What Americans Think about Nuclear Energy
Germany's Going Galt

Germans Are Also Spying on Germans

The revelations of NSA spying activities have, predictably, generated plenty of headlines in Germany. The initial undertone of much of this coverage was predictable: everyone can be a victim of the super-powerful secret American surveillance state; Americans, as usual, are blindly overreacting and sacrificing their so-called liberties for the illusion of security.

However, some reporters and commentators are beginning to ask a question which would seem a lot more relevant for Germans: are German spy agencies doing similar things? The answer, depending on who you ask, is either 'probably', or 'we have no idea, since all these matters are kept secret in Germany and there have been no whistleblowers'. 

That's one point made by Niko Härting (g) at the CR-online blog in a post entitled 'Spy Agencies: Justified Criticism in the USA, Blind Trust in Germany' (my translation):

The manner in which [German] spy agencies use the considerable powers granted them under current law is unknown. Therefore, it's impossible to say if there are programs in Germany which might be comparable to 'Prism'. Spy agencies operate in hiding, and [parliamentary] oversight is performed by a committee whose meetings are strictly confidential. Whistleblowers such as Edward Snowden or Bradley Manning have not come forward in Germany in recent years.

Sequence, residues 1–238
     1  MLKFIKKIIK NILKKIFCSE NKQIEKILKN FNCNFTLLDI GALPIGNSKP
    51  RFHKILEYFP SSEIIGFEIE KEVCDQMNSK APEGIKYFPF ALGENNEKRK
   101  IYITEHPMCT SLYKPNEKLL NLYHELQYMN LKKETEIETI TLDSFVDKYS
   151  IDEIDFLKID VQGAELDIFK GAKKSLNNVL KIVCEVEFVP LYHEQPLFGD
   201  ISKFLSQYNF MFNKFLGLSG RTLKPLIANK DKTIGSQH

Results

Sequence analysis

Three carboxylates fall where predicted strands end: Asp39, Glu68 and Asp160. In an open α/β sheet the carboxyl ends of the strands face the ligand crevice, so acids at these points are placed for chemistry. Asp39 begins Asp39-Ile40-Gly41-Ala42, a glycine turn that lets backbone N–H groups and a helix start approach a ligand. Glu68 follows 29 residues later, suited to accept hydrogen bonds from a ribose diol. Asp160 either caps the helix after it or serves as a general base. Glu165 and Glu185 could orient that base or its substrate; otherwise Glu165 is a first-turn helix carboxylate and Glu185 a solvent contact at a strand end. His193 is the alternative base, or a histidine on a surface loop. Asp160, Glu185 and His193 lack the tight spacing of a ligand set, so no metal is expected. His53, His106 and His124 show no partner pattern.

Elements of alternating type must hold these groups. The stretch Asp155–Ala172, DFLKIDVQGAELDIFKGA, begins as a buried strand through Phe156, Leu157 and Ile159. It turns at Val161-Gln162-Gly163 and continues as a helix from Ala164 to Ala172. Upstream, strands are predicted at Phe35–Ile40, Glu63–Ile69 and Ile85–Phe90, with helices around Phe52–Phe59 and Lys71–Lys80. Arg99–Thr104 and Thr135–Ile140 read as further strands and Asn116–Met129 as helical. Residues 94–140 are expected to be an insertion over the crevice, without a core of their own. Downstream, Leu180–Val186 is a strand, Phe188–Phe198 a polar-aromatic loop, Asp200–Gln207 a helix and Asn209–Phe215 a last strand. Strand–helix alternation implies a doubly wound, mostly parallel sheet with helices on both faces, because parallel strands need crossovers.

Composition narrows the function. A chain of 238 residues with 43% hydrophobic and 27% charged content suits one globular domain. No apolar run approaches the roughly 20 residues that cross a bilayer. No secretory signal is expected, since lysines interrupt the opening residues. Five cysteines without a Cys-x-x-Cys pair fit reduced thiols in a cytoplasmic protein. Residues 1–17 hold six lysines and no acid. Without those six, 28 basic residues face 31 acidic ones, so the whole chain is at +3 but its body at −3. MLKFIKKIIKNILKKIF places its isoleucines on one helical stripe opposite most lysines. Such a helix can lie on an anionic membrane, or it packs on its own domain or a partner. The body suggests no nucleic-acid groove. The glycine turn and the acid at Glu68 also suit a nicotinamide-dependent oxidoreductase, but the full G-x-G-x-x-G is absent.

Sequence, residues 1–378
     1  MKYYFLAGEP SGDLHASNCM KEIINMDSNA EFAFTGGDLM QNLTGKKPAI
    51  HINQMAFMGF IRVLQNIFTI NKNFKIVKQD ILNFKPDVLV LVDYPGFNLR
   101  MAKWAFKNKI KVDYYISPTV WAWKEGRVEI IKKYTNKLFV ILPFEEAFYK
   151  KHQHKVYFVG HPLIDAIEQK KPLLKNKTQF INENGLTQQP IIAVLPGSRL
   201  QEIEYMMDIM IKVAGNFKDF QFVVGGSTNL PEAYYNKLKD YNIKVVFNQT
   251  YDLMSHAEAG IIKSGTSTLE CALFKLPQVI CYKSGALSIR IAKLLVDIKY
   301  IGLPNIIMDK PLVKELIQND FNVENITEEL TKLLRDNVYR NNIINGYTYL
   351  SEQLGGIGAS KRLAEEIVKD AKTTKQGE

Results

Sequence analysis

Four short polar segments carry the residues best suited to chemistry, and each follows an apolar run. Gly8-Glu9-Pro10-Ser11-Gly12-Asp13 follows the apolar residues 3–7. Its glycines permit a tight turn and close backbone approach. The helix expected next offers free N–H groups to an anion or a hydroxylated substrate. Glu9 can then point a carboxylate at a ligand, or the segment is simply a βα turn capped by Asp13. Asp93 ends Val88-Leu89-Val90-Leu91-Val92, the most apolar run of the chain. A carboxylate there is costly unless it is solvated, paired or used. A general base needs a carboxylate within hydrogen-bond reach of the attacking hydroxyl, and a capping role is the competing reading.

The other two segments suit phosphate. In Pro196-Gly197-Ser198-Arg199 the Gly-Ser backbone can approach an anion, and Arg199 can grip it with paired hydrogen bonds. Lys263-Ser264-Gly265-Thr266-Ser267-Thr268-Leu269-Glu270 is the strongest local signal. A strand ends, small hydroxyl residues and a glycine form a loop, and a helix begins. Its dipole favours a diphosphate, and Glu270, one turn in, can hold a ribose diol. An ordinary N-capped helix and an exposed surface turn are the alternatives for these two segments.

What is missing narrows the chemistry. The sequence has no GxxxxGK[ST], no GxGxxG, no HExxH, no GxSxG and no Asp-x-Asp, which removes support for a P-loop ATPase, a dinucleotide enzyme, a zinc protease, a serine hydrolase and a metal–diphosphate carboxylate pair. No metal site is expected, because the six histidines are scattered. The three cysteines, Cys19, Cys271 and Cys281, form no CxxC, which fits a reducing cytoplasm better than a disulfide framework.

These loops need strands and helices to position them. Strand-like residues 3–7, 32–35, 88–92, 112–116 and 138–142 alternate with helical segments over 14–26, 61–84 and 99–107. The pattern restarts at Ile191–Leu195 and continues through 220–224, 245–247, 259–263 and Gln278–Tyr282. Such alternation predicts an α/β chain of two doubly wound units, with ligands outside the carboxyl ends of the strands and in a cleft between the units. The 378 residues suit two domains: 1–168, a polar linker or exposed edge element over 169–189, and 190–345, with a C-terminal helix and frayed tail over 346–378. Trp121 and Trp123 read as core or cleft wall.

Meanwhile, in Germany, the main spy agency is planning a €100 million program to train and hire 100 new spies for Internet surveillance.

Two questions: (1) Where are the German whistleblowers? and (2) If one actually came forward, would he or she be celebrated as a hero by Germans, or denounced as a 'nest-fouler' who is endangering valuable and necessary security measures?